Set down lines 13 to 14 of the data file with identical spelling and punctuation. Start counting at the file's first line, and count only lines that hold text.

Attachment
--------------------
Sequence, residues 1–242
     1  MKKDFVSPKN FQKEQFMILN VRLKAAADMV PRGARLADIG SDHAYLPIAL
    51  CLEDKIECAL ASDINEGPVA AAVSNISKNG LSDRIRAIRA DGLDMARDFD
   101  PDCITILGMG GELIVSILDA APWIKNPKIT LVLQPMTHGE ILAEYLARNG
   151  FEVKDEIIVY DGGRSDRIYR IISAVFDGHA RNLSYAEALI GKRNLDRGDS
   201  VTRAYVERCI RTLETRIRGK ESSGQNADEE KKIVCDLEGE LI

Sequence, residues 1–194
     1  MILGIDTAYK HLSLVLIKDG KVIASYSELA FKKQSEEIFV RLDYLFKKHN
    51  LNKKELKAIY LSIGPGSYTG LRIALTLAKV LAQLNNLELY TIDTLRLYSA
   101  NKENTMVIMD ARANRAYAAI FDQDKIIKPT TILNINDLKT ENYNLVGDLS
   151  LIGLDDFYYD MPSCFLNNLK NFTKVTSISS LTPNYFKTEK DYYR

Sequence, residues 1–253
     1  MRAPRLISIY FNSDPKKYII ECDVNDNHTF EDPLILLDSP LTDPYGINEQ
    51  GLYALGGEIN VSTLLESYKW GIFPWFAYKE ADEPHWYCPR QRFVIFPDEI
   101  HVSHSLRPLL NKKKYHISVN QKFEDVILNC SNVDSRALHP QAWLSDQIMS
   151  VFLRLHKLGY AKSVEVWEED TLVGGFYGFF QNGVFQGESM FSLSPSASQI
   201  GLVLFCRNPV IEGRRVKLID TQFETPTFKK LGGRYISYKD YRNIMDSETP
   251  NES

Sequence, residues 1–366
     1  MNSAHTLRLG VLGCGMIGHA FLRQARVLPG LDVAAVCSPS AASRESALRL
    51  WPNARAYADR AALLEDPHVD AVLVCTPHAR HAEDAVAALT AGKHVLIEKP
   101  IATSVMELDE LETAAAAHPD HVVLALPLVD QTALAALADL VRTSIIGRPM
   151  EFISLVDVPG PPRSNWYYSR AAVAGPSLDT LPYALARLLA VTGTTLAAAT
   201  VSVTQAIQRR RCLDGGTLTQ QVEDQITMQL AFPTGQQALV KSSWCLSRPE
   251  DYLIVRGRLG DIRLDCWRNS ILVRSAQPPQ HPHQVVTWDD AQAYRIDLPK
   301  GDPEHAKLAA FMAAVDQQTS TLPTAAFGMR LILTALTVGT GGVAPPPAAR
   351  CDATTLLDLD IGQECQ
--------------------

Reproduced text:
     1  MRAPRLISIY FNSDPKKYII ECDVNDNHTF EDPLILLDSP LTDPYGINEQ
    51  GLYALGGEIN VSTLLESYKW GIFPWFAYKE ADEPHWYCPR QRFVIFPDEI